Perhaps it is simply the culture of boozing and getting plastered so you can let your inhibitions out in a very button-downed, WASPish environment. I know of families who engage in what I consider outrageous drinking with their adult children and I have very strong opinions about it. I am not going to get on a pedestal and say that they are being bad parents. I don’t have to. The proof is in the pudding.

Time and time again there are instances that come to light about parents who allow their children, even encourage them, to drink to excess. Some of them have been famous- politicians, celebrities, sports personalities. Now and again there are articles or news stories about everyday “regular” families where this happens. The kids get in trouble, and upon further investigation, it is discovered that they were partying with the parents.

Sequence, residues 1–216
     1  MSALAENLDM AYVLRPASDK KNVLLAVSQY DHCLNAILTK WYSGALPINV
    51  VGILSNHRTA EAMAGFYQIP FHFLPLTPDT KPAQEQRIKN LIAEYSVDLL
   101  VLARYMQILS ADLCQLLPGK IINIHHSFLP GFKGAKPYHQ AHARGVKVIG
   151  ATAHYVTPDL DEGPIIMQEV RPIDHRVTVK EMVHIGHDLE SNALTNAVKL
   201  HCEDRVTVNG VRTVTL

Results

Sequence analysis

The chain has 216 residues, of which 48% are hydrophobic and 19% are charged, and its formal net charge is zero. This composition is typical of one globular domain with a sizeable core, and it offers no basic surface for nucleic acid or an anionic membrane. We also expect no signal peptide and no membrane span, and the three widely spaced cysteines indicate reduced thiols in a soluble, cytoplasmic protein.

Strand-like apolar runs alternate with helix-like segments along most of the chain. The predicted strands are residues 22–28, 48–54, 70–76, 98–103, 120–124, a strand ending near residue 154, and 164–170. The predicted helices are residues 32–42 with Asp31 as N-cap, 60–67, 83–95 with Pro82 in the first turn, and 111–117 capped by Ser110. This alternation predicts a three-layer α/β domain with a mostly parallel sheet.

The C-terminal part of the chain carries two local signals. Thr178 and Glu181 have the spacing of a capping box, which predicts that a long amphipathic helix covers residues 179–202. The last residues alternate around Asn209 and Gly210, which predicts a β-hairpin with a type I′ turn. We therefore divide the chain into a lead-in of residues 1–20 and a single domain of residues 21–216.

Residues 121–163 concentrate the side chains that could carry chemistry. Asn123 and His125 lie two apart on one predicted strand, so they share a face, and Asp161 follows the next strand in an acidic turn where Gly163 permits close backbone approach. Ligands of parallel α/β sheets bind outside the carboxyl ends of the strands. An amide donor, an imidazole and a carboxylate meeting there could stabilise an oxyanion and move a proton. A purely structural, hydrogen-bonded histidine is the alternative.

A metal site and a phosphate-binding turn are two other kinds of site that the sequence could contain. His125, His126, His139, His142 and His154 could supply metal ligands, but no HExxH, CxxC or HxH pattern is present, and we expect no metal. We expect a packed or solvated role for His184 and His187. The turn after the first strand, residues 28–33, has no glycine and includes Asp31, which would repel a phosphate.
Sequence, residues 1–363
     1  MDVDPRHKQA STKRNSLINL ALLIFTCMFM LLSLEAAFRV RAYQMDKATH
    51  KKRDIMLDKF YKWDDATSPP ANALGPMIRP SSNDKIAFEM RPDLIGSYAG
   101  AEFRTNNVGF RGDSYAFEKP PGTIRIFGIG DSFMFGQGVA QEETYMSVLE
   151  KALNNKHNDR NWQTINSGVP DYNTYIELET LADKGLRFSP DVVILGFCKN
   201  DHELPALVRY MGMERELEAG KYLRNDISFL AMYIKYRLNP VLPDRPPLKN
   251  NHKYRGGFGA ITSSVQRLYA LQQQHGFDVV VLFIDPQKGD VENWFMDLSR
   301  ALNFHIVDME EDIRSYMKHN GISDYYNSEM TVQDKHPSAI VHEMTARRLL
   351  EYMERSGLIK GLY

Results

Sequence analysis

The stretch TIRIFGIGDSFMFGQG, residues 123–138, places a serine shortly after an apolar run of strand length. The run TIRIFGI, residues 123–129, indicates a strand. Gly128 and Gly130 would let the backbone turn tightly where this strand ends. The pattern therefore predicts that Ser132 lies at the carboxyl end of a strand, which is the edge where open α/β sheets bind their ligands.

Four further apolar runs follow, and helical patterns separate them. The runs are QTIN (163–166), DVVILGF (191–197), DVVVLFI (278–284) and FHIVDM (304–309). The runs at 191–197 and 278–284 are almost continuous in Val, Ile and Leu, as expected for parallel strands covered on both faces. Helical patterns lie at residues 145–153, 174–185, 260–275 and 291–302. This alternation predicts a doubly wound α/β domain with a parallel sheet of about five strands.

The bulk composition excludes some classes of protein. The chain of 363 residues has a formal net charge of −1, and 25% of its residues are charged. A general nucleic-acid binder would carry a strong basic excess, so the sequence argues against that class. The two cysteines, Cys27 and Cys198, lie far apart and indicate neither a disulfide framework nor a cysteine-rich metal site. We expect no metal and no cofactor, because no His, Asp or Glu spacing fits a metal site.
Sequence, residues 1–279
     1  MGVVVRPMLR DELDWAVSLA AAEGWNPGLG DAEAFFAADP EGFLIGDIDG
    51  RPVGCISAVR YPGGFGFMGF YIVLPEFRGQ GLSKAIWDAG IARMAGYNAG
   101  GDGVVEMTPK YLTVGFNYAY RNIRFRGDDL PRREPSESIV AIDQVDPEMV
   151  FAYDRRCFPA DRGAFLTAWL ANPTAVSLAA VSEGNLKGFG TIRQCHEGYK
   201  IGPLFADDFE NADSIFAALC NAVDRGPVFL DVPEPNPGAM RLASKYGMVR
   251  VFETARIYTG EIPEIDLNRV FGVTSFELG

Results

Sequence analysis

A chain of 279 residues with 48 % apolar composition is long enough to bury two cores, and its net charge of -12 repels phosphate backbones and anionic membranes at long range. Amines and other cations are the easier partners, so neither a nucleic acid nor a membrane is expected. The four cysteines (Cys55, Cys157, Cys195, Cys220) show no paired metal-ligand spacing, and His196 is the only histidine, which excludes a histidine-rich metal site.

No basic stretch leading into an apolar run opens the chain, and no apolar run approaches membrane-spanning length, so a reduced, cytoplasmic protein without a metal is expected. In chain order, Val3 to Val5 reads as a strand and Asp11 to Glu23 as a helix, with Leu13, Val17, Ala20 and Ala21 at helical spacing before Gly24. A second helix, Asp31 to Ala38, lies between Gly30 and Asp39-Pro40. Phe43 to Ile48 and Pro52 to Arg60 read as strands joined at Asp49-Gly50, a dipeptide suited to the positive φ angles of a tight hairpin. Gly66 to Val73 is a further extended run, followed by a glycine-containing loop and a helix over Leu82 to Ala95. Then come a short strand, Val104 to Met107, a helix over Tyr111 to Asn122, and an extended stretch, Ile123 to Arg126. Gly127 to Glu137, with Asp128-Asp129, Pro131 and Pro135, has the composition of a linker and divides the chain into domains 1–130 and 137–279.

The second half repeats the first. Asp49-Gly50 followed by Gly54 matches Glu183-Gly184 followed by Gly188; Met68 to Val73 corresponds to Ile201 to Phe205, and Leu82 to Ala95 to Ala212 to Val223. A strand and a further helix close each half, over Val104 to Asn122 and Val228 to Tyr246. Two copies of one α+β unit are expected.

The death of common sense or generational problems?
This leads us to ponder, what are these parent’s thinking? Clearly there are some very serious family dynamics to investigate, but we will leave that to the mental health professionals. Many parents don’t have proper boundaries with their children and want to “be their friends” more than they want to play a parental role.

And last but not least, the addiction issue. If mom and dad can’t monitor or control their own alcohol use, how are they going to be able to have a clear and objective view of Junior, or in this case, the fifth’s alcohol use or abuse?

Lessons learned
So here we have a beautiful young woman, brutally killed in the prime of life by a young man with everything to live for, who is now most likely going to spend the rest of his days behind bars. Being drunk out of your mind is not a legal defense. Many people don’t realize that important legal reality. Just because you were drunk does not negate responsibility.

Such a waste of two young lives, and for what? It’s all fun and games until someone gets killed. How many people die every year as a result of young people, or their parents, being drunk behind the wheel of a car? It is a wakeup call when it happens, but then… it’s too late.

Too late for some, but not for others